6. 6. throughout the world regardless of social, economic or religious divisions. In looking at specificrisk factors women who tend to be uneducated, of low income and lack support often fall victimto this behavior.18 Again conventional forms of technology and media can play a role in the prevention ofintimate partner violence. This includes hotlines and awareness campaigns through bothtraditional and new media. Bell Bajao, or Ring the Bell, campaign is a series of public serviceannouncements urging men and boys to stand against domestic violence. The idea is that if one ishearing violence in progress to ring the bell and ask a simple question, such as “Can I borrow acup of sugar?” It is likely the perpetrator recognizes the person has heard the violence and thiswill interrupt the action. The organization also hosts a blog for victims to voice their experiencesand offers information and guidance.19 Domestically, the company Liz Claiborne initiated a Love Is Not Abuse program, whichprovides information and tools for men, women, and children including teens to learn more aboutthe issue of domestic violence. In August of 2011 they launched the Love Is Not Abuse iPhoneapplication that helps teach parents about teen dating abuse and demonstrates how technology,such as text messages, emails and phone calls, can be conduits for committing abuse. Parentsreceive real-time communication mimicking the abusive and controlling behaviors teens mightface in their relationships.20 This program illuminates the negative role technology can take on. However, texting also can be used as a cheap and effective way to prevent intimatepartner violence, as demonstrated by a case in Ohio where a texting service allowed victims toreport incidents silently via a simple SMS message and make contact with a crisis interventionworker or police without making an actual phone call. The total cost of the program set-up,which used the FrontlineSMS platform, was about $380.00. FamilyFirst, as it was termed,processed between 6,000 to 8,000 texts per month during the first year and helped convict 18abusers which victims were able to report confidentially.21 Outside of these programs, technology can play a role in helping to transform some of theunderlying causes of intimate partner violence. Enabling access for women to both economic andsocietal support such as through the Village Phone project by Grameen Phone Foundation canlead to positive outcomes. The Village Phone model was based on providing a small loan and a“business in a box” enabling the aspiring entrepreneur to provide customers with access to amobile phone and sell mobile airtime. By March 2011, the program claims that 85% of the 6,876entrepreneurs who had been recruited into the network are women.22 This notion of womenhaving access to a mobile device is further echoed by the report Women & Mobile: A GlobalOpportunity published in 2010. This report states 9 out of 10 women surveyed felt safer, and85% of women felt more independent, because of their mobile phone.23 With the rise of mobilepayments and mobile money, or mFinance, and increasing access to mobile devices – women arebeginning tap into economic independence in places they traditionally have not been able to. Lastly, social support for women in domestic violence situations is an important factor. Inthe developed world, this may be derived from in-person working groups or community groupsand can extend through social media platforms and the Internet, allowing women to connect andshare their experiences. However in the developing world, mobile phones can play a unique role 6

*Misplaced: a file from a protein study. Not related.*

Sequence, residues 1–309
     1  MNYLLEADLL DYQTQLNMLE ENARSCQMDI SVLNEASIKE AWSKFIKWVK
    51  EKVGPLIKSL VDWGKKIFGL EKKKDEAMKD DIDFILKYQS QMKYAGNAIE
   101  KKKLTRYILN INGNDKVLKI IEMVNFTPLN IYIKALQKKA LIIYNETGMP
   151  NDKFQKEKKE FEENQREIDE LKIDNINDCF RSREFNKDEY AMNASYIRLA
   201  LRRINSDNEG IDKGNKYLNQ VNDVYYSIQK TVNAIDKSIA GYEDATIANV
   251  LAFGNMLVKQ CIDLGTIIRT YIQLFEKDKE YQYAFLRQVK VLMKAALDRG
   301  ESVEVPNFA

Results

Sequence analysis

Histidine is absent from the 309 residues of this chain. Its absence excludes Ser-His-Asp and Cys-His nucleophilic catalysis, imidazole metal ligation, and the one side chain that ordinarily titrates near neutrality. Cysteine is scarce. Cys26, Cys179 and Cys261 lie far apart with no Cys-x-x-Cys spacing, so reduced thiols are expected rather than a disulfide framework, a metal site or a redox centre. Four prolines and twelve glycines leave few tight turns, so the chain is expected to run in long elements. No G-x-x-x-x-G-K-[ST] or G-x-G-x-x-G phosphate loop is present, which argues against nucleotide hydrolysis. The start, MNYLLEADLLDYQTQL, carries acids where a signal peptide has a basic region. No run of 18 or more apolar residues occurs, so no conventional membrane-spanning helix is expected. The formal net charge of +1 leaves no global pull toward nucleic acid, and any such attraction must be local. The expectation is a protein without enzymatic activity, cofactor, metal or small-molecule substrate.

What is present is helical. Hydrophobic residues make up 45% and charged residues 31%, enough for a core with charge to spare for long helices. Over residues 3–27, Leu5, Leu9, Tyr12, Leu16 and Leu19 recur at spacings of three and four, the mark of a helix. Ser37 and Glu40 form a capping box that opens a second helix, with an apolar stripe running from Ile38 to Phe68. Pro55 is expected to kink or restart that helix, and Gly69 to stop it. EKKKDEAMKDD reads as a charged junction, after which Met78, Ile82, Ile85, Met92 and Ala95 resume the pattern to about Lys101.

7. 7. in garnering this type of support. In Senegal, the organizations Tostan and UNICEF launchedthe Jokko Initiative. By way of SMS technology the program allows community members tosend out messages on topics including information on vital events, service announcements andincome-generating activities.24 It allows women the opportunity to promote their goods and getinformation out about events they organize. Not only does this provide a chance for women toconnect with each other and provide support, but the program is also tied into Tostan’s literacyand math program. Elder Abuse Elder abuse has received the least public attention, having historically been defined as a“private matter.” Today it is seen as an important problem likely to grow due to the rise in agingpopulations in many countries. It is agreed that elder abuse is defined as “either an act of commission or of omission”, and that it may be either intentional or unintentional.25 The elderly can experience violence physically, sexually or psychologically and they are also susceptible to economic abuse. Again we see the use of hotlines and the Department of Economic and Social Affairs Population Division 2009 sharing of information via the Internet as integral todealing with this type of violence. The National Center on Elder Abuse has state resources suchas helplines and hotlines listed directly on its website in addition to listing where to reportnursing home abuses and information about Adult Protective Services. There are also NationalElder Abuse Awareness public service announcements that call attention to the issue. Some sources cite that a key prevention tactic could be the further use of interventionprograms in hospital settings, which are lacking due to an absence of training in this area.26Recently there has been a rise in electronic checklists within the hospital setting regardingsurgical procedures. The incorporation of certain elements such as signs and symptoms of abusecould be integrated into these checklists. As more move towards the use of tablets and electronicrecords, this opens up a unique opportunity to start progressing to a more holistic approach inhealthcare. Additionally with the ability to train remotely, technology can be used to keep thosein the healthcare industry abreast of proper diagnosis of elder abuse and what to do about it. Lastly, the role of social media should be highlighted here. Social media platforms suchas Facebook and Twitter, along with communications tools such as Skype, allow thosetraditionally cut off from the outside world the means to connect with family as well as a widercommunity. According to a 2009 study from AARP, about one-third of people 75 and over live 7